Joined: Feb. 2008
|Quote (kevinmillerxi @ Feb. 27 2008,11:20)|
|Certain versions of Panspermia don't require an external intelligence, but others do. Apart from that though, I agree that the best Panspermia can ever be is a hypothesis, because it doesn't answer the ultimate question of how life originated in the universe, just how it originated on earth.|
Aside from apparent confusion about what theory and hypothesis mean in science, you are making a couple of other fundamental errors.
1) Specific variants of the panspermia (or perhaps more properly exogenesis) hypothesis could be confirmed or disproven to a high degree of certainty. If we find life off Earth, there's a very good chance we could that figure out how it is related, if it all, to Earth life. Progress in understanding abiogenisis could also make the concept more or less attractive.
IOW, these hypotheses make testable predictions, and as such, are firmly in the realm of science. We don't have the data now, but as we explore the universe, we could find evidence. Until that time, panspermia/exogenesis will remain a speculative footnote. It's worth noting that no one is campaigning for the "panspermia controversy" to be taught in k-12 schools, and if there were, it the only proper reaction would be to reject it, since there is currently not enough data to warrant more than a passing mention if anything at all.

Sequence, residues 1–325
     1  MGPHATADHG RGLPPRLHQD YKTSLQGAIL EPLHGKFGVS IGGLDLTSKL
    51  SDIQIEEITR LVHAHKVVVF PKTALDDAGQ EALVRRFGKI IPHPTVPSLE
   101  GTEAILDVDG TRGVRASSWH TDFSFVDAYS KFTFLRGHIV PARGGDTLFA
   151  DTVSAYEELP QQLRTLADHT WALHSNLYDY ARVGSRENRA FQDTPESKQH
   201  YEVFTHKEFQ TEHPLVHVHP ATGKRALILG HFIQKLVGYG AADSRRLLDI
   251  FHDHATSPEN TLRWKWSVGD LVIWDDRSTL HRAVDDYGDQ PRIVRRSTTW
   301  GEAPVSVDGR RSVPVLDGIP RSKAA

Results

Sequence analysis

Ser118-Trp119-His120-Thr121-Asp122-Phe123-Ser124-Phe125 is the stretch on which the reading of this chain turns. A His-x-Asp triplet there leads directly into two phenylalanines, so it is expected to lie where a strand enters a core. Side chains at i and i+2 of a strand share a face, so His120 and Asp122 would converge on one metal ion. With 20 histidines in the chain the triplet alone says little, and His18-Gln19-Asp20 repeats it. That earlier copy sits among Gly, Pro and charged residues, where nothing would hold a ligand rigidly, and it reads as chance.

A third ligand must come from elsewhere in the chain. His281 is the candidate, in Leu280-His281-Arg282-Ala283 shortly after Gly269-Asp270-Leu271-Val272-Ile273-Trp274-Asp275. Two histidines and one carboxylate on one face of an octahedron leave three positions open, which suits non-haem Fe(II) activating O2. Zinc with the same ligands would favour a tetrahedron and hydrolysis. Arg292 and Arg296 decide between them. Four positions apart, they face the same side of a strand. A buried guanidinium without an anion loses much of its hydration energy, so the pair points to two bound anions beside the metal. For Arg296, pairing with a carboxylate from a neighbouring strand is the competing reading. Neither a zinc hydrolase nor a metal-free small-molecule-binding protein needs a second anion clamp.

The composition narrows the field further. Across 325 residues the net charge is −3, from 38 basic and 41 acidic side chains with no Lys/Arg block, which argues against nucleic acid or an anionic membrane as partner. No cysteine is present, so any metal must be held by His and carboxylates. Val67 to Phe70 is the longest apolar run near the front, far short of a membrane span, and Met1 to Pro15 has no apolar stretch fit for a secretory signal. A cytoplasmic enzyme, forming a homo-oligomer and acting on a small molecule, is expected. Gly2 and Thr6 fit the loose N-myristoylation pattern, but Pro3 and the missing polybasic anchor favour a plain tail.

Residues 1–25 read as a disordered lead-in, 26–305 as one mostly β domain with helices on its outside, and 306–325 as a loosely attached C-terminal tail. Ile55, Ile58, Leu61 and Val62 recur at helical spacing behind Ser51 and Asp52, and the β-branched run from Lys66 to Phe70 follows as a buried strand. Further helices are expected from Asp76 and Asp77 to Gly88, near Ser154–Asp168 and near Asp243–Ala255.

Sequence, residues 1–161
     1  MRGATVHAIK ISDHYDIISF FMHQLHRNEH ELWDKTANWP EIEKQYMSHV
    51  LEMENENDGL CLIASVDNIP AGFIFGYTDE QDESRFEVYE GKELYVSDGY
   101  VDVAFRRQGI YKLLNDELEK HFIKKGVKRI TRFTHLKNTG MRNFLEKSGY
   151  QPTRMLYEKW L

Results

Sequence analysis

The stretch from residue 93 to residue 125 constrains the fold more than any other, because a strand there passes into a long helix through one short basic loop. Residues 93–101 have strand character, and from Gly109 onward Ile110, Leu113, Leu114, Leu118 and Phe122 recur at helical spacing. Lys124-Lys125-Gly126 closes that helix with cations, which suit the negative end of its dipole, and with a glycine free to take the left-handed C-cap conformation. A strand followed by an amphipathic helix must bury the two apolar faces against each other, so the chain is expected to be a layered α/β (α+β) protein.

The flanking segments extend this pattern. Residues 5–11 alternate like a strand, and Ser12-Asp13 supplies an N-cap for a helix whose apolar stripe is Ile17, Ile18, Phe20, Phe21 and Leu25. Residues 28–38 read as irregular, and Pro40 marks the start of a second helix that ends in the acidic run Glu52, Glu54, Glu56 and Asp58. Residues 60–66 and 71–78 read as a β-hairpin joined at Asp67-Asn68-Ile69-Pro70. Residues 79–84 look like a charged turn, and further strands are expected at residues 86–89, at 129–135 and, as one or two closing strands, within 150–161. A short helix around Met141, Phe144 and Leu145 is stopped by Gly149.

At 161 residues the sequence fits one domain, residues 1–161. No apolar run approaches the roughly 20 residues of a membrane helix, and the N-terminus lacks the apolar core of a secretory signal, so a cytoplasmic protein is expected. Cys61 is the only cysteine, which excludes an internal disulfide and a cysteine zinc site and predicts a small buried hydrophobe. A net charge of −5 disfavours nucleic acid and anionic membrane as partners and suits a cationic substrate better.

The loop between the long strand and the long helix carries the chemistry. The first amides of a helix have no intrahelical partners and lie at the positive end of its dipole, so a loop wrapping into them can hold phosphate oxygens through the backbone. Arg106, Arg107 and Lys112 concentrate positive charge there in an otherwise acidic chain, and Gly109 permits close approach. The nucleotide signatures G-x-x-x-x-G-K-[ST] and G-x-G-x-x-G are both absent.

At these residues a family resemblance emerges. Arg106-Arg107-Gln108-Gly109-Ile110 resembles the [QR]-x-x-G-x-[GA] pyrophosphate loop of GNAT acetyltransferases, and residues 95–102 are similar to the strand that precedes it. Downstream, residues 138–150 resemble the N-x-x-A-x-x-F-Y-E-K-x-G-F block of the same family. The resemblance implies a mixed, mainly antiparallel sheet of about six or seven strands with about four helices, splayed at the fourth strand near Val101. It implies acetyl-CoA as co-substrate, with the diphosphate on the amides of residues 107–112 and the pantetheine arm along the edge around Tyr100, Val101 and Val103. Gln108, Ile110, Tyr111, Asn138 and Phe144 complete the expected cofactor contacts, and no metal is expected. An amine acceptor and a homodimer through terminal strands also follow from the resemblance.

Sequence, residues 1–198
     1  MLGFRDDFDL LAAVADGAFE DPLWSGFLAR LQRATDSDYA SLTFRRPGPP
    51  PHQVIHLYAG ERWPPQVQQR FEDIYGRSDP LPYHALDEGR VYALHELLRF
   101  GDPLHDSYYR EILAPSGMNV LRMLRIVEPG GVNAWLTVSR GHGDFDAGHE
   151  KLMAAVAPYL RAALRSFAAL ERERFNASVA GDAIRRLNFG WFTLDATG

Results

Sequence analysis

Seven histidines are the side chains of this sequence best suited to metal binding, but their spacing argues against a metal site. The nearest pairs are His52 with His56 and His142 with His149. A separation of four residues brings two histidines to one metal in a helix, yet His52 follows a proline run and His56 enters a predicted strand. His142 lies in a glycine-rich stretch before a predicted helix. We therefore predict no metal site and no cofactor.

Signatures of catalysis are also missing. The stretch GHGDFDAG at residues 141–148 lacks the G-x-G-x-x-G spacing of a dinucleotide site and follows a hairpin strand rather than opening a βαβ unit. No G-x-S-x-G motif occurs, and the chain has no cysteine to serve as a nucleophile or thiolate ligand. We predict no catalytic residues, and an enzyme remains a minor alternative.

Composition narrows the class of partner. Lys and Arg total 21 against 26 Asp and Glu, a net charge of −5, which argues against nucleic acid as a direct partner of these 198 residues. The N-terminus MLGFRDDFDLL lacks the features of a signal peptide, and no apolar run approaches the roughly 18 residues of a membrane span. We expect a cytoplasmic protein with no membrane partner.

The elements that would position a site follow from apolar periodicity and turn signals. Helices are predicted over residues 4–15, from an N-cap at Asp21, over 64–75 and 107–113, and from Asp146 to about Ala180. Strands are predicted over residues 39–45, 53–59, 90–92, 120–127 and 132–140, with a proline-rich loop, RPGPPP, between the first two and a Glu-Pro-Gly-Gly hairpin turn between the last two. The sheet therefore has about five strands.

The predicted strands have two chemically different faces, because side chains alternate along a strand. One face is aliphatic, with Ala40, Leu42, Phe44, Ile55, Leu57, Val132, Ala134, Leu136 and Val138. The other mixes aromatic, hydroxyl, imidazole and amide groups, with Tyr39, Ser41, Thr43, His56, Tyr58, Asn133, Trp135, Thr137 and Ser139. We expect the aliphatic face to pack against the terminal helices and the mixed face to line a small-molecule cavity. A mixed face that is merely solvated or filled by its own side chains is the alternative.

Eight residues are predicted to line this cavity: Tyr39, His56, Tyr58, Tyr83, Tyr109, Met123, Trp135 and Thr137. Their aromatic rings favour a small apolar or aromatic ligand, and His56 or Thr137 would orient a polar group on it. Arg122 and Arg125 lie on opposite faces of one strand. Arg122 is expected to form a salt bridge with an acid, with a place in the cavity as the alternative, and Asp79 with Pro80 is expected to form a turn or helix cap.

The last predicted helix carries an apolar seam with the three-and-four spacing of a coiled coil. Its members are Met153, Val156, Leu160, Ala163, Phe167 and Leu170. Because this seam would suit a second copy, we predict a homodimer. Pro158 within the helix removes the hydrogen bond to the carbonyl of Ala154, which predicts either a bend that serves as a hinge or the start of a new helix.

2) The panspermia hypothesis doesn't make any claim to explain abiogenesis, the ultimate origin of life. To say that it can "never be more than a hypothesis" because of this is just nonsensical. Creationists like to make the same complaint against the "Theory of Evolution" but it similarly makes no such claim*. Neither explains gravity or star formation either, yet seems to care about how this might affect their credibility ;)
*One would expect chemical abiogenesis to have some very evolutionary qualities, but classical evolution doesn't depend on this about this.
/first post from a long time lurker